British overseas territory

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Overseas territory redirects here. Alternative meaning: territoire d'outre-mer (French overseas territory).

A United Kingdom overseas territory (formerly known as a dependent territory or earlier as a crown colony) is a territory that is under the sovereignty and formal control of the United Kingdom but is not part of the United Kingdom proper (almost exclusively Great Britain and Northern Ireland). The term "crown colony" is still utilized when refering to the Falkland Islands, British Antarctic Territory, and Gibraltar.

Overseas territories should be distinguished from crown dependencies (the Channel Islands and the Isle of Man, which have a different constitutional relationship with the United Kingdom), and protectorates (which were not formally under the sovereignty of the United Kingdom). They should also not be confused with Commonwealth realms, which are independent states sharing the same sovereign as the United Kingdom.

At one time, most crown colonies were directly administered by officials appointed by the British government. Today, however, most overseas territories are self-governing colonies, only relying on the UK for defence, foreign affairs, and some trade issues.

Overseas territories have never been considered integral parts of the United Kingdom, and have never had representation in the British Parliament, on the grounds that they are separate jurisdictions. This is in contrast to other European countries, such as France, Denmark, and the Netherlands, whose dependencies have varying degrees of integration with their so-called 'mother countries'. Only in Malta was integration ever seriously considered by the British Government, in 1955, but this was later abandoned, while in Gibraltar it was rejected outright by the British government in 1976. Successive British governments have argued against integration, to the effect that it is not an appropriate alternative to the status quo or that it is not a modern form of existence, instead advocating the concept of 'partnership'.

Queen Elizabeth II is head of state in the overseas territories in her role as Queen of the United Kingdom, not in right of each territory. This contrasts with independent realms of the Commonwealth of Nations, such as Canada or Australia, where the Queen has a separate and distinct role in each realm as "Queen of Canada" or "Queen of Australia".

Each territory has a Governor (formally appointed by the Queen), who acts as a representative of the UK government. Unlike Governors-General in Commonwealth realms, the Governor may have real power, and is in charge of the territory's internal security matters, as well as acting as a delegate between the territory and the British government. Governors possess the power to dissolve the legislature and must give assent to all laws. Depending on the stage of the colony's evolution (see Stages of colonial evolution) these may be only exercised in a symbolic capacity. The Governor is usually from the United Kingdom.

UK government policy on overseas territories is set out in the 1999 White Paper Partnership for Progress and Prosperity: Britain and the Overseas Territories.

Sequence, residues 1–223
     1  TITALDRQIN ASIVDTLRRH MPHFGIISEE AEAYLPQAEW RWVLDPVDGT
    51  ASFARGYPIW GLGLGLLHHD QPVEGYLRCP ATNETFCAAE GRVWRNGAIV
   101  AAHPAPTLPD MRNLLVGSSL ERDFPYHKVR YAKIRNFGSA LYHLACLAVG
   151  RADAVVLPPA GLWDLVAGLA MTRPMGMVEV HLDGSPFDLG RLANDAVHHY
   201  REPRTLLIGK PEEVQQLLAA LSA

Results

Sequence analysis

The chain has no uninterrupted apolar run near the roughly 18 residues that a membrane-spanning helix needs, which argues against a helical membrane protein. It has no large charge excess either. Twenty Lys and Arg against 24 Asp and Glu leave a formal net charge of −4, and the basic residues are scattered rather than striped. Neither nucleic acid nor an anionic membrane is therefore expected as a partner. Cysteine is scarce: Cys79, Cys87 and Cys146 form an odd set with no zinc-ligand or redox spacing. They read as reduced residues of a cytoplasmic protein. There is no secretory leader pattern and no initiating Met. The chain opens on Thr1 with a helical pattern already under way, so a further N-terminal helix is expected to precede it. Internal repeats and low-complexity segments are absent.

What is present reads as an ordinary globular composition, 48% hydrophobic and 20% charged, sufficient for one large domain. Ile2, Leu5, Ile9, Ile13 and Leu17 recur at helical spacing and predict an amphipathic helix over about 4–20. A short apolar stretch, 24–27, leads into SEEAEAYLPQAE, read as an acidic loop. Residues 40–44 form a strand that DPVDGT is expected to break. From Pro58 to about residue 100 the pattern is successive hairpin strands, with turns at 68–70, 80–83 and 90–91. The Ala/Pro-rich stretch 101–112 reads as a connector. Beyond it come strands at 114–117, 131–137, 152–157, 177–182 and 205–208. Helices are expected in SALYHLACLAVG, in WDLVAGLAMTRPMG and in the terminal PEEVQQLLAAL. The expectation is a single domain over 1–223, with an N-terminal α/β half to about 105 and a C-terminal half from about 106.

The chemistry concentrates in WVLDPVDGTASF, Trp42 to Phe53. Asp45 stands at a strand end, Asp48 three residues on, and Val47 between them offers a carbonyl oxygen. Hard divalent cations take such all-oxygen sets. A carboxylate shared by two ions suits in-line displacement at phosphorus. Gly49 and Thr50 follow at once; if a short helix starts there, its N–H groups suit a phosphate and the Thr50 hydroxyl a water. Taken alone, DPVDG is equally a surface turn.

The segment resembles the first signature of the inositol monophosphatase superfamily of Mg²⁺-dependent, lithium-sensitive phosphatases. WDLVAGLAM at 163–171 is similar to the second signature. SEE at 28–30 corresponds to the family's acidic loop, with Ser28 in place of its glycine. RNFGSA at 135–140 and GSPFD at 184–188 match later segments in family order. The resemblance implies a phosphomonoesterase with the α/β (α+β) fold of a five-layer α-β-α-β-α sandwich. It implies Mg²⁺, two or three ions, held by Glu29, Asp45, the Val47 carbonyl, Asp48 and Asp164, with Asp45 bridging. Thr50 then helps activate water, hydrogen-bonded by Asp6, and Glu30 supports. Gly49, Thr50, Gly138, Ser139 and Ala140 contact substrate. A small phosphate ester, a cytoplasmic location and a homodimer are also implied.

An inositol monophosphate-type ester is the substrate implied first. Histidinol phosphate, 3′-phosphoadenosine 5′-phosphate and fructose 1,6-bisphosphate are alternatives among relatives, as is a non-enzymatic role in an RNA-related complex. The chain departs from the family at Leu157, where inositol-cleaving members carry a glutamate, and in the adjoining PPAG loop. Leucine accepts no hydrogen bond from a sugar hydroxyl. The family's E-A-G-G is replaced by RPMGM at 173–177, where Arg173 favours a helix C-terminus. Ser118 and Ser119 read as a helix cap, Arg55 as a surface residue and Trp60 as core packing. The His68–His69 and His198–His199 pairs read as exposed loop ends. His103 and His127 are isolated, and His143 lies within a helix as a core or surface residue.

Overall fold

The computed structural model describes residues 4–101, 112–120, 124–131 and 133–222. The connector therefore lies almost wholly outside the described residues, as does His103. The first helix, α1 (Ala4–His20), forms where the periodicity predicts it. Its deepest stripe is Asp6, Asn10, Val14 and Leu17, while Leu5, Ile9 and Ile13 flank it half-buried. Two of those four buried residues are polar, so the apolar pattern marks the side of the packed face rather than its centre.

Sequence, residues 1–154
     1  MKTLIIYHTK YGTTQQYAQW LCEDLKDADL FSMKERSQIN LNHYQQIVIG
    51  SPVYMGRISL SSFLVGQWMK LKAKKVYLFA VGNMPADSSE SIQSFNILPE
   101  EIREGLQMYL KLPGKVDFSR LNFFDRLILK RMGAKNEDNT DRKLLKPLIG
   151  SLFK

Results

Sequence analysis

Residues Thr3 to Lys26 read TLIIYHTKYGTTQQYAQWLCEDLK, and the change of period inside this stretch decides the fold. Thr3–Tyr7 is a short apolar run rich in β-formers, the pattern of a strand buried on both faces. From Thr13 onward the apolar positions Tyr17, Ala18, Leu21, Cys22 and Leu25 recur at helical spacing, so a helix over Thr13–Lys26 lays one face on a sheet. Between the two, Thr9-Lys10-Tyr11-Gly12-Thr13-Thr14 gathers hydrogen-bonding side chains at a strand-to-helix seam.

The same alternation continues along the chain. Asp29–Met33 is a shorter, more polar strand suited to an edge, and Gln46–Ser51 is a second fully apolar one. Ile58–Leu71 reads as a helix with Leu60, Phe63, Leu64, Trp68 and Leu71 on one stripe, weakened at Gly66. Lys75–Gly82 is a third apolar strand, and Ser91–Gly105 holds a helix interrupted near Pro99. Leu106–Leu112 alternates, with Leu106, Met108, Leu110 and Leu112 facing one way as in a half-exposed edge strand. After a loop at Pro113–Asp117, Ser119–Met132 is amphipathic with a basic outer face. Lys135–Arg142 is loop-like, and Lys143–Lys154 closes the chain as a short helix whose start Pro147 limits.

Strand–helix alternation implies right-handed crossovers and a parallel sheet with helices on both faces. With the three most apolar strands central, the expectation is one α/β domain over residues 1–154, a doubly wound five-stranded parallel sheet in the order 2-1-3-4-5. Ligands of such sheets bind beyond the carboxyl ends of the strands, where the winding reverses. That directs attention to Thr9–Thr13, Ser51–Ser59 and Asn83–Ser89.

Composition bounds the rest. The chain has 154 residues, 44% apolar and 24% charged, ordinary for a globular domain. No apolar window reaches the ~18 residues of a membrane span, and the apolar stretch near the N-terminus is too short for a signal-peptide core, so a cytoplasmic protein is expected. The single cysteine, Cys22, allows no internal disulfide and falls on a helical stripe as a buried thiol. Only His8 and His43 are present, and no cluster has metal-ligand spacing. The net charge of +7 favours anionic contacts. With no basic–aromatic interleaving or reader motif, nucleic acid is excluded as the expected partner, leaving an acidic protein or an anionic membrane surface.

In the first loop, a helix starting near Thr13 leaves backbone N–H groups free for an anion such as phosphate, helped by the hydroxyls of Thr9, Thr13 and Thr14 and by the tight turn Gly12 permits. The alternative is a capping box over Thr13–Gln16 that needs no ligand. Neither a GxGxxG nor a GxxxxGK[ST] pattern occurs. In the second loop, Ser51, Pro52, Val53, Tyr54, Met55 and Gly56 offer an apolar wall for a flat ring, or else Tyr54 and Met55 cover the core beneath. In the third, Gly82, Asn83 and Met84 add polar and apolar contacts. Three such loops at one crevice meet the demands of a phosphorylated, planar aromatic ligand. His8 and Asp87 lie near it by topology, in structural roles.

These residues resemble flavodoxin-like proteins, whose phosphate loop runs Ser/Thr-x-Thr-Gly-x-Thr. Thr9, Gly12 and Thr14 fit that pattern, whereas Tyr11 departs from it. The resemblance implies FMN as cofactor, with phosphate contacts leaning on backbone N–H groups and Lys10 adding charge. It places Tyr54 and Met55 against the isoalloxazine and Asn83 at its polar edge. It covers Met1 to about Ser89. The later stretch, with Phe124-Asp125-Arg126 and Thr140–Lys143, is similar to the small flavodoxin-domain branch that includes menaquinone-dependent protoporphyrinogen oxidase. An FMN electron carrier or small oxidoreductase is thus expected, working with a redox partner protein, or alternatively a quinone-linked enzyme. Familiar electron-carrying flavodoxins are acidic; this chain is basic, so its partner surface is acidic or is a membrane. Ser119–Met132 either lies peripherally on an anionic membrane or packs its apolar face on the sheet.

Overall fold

Over the years, colonial governments have evolved in stages, with the intent being eventual independence from the United Kingdom. Colonies with tiny populations rarely evolve beyond stage one.


Stages of colonial evolution

  1. In the first stage, there is no elected government of any sort. A governor, administrator or commissioner and a group of advisors run the affairs of the colony single-handedly.
  2. In the second stage, a small elected legislature, usually called the legislative council, is founded. From the legislature, the governor appoints an executive council that the governor chairs. The highest ranking bureaucrat is known as the chief secretary.
  3. In the third stage the legislature becomes larger, and political parties usually begin to appear. The cabinet is led by a Chief Minister, who is the leader of the majority party in parliament. The governor's powers are weakened, and deal mostly with foreign affairs and economic issues, while the elected government controls most "domestic" concerns.
  4. In the fourth stage the Chief Minister becomes known as the Premier, and by this time virtually all executive authority has been delegated from the governor. At this stage or possibly the third stage, such a state may be described as a self-governing colony. The colony may be given 'Associated Statehood', as in the case of Antigua and Barbuda, Dominica, Grenada, Saint Lucia, Saint Kitts and Nevis, and Saint Vincent, before they were granted full independence.
  5. The final stage is complete sovereignty and independence from the United Kingdom. The Premier becomes the Prime Minister, and the Governor becomes a Governor General. The new nation only maintains superficial ties to the UK as a Commonwealth Realm, with the British monarch as head of state and (in some cases) the Privy Council as the highest court of appeal. This was originally known as Dominion status, and until 1931 did not include control of foreign affairs or military policy.